Journalists in film : heroes and villains
McNair, Brian (2011) Journalists in film : heroes and villains. Australian Journalism Review, 33(1), pp. 137-142.
In November 2010, the world watched as 33 Chilean miners were rescued from the depths of the earth where they had been stranded since July. We were able to watch because the world’s news media were there, drawn by the human drama, the suspense, the spectacle. It was a great news story, ideally suited for the 24-hour news culture we live in today, and the globalised audience that consumes it. Nothing much happened for 68 of those 69 days, until that final 24 hours when the miners emerged. But we were transfixed, engrossed, immersed in the story.
Citation countsare sourced monthly fromand citation databases.
These databases contain citations from different subsets of available publications and different time periods and thus the citation count from each is usually different. Some works are not in either database and no count is displayed. Scopus includes citations from articles published in 1996 onwards, and Web of Science® generally from 1980 onwards.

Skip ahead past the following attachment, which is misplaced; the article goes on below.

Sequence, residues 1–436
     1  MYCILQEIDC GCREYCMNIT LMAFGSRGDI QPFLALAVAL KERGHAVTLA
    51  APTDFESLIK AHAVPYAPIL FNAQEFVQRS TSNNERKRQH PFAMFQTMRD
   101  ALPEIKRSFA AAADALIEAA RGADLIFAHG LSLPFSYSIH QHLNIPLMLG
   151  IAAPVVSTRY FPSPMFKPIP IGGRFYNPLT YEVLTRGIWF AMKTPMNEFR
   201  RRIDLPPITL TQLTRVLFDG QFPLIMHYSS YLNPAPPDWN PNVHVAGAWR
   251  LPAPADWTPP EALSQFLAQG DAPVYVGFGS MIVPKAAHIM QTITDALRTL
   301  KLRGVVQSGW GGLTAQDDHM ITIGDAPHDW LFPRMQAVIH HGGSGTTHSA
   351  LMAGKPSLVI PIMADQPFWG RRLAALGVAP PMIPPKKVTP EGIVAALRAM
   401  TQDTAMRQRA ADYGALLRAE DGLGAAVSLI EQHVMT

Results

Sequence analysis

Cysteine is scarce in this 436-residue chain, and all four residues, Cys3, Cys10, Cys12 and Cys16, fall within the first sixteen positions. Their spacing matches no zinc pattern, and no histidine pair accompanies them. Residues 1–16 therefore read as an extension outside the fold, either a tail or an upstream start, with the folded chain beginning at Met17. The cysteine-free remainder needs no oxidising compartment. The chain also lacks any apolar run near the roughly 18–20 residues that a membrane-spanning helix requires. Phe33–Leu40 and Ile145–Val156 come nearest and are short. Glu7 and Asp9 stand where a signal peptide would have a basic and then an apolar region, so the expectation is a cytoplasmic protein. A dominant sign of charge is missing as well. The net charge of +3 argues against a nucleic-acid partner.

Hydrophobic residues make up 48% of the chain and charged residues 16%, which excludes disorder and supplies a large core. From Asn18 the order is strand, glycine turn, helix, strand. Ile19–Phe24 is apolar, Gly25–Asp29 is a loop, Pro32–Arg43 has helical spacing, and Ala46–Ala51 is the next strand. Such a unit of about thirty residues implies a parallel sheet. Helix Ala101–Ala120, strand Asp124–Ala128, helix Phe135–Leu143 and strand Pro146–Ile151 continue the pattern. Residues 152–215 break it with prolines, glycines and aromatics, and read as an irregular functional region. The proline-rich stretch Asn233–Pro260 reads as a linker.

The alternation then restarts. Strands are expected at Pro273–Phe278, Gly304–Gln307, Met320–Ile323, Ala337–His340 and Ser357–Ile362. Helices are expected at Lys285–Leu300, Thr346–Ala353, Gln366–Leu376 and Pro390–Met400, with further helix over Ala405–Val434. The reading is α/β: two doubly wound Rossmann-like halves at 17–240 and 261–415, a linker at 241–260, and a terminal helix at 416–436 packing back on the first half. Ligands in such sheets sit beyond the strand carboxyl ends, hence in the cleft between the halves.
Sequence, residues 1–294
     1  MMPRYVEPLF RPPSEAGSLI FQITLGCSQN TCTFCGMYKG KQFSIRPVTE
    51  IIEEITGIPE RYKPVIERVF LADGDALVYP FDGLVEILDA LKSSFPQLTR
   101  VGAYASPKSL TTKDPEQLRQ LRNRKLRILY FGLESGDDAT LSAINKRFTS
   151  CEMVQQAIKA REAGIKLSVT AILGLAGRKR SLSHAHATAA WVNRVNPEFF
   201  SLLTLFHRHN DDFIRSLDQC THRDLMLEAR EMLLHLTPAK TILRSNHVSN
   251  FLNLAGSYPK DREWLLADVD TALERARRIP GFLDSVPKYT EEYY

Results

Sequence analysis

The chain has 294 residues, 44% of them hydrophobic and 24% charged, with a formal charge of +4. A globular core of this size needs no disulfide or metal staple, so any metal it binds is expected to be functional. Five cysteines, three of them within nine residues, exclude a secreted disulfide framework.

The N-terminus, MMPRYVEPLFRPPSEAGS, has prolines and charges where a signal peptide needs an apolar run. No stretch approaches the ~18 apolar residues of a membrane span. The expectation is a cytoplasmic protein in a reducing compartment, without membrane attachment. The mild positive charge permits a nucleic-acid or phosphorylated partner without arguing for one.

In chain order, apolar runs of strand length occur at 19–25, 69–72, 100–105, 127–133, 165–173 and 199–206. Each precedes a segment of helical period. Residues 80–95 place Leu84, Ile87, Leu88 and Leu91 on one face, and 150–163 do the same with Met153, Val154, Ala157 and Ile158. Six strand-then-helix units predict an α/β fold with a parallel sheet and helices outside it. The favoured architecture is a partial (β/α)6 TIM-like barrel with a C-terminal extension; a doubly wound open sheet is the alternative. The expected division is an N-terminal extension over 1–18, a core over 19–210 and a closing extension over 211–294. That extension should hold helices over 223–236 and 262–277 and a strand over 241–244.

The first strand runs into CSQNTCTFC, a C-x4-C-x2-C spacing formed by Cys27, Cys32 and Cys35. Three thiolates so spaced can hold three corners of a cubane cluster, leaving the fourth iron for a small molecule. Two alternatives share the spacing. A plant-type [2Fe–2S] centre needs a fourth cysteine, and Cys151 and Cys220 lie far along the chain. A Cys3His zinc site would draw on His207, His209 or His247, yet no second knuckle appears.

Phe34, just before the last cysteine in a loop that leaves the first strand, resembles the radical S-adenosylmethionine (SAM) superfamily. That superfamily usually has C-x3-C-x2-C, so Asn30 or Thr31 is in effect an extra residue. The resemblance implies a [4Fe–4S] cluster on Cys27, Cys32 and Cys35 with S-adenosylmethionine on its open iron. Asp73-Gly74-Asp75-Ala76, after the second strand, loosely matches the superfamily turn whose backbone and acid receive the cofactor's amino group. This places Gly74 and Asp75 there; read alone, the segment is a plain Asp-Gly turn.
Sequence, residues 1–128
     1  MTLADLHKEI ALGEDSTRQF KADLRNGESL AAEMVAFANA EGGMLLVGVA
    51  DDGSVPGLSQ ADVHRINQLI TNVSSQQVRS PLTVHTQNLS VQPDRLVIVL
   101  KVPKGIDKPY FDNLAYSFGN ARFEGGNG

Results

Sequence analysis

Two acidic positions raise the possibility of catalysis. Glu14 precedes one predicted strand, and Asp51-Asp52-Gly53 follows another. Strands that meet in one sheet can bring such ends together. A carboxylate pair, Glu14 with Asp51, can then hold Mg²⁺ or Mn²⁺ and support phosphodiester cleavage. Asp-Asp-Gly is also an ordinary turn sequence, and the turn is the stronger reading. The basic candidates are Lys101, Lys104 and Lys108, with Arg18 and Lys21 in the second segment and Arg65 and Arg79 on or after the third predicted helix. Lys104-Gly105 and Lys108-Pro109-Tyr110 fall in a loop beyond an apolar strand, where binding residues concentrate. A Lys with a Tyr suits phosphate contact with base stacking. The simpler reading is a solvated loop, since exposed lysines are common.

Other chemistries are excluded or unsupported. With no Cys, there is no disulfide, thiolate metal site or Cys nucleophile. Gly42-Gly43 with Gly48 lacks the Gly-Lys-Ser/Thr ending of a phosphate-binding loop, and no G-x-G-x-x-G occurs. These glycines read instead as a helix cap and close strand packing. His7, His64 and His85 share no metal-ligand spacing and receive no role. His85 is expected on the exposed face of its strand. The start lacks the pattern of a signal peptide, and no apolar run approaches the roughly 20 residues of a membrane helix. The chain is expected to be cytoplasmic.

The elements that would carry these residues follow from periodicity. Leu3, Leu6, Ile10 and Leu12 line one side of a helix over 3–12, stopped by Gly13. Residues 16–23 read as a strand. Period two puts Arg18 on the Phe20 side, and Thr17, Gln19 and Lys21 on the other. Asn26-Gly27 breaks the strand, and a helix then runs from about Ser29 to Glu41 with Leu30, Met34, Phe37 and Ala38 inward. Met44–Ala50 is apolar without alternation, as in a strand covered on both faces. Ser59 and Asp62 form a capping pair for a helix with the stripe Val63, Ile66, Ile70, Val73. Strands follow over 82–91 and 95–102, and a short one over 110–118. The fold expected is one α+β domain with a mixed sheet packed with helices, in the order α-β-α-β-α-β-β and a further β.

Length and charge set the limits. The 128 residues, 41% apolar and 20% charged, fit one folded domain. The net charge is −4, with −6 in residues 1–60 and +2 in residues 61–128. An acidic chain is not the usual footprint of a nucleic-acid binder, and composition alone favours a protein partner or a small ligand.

Citations counts from theindexing service can be viewed at the linked Google Scholar™ search.
Full-text downloadsdisplays the total number of times this work’s files (e.g., a PDF) have been downloaded from QUT ePrints as well as the number of downloads in the previous 365 days. The count includes downloads for all files if a work has more than one.
|Item Type:||Journal Article|
|Subjects:||Australian and New Zealand Standard Research Classification > STUDIES IN CREATIVE ARTS AND WRITING (190000) > JOURNALISM AND PROFESSIONAL WRITING (190300)|
|Divisions:||Current > QUT Faculties and Divisions > Creative Industries Faculty|
|Copyright Owner:||Copyright 2011 Journalism Education Association of Australia Inc|
|Deposited On:||29 Jul 2011 09:48|
|Last Modified:||09 May 2012 04:44|
Repository Staff Only: item control page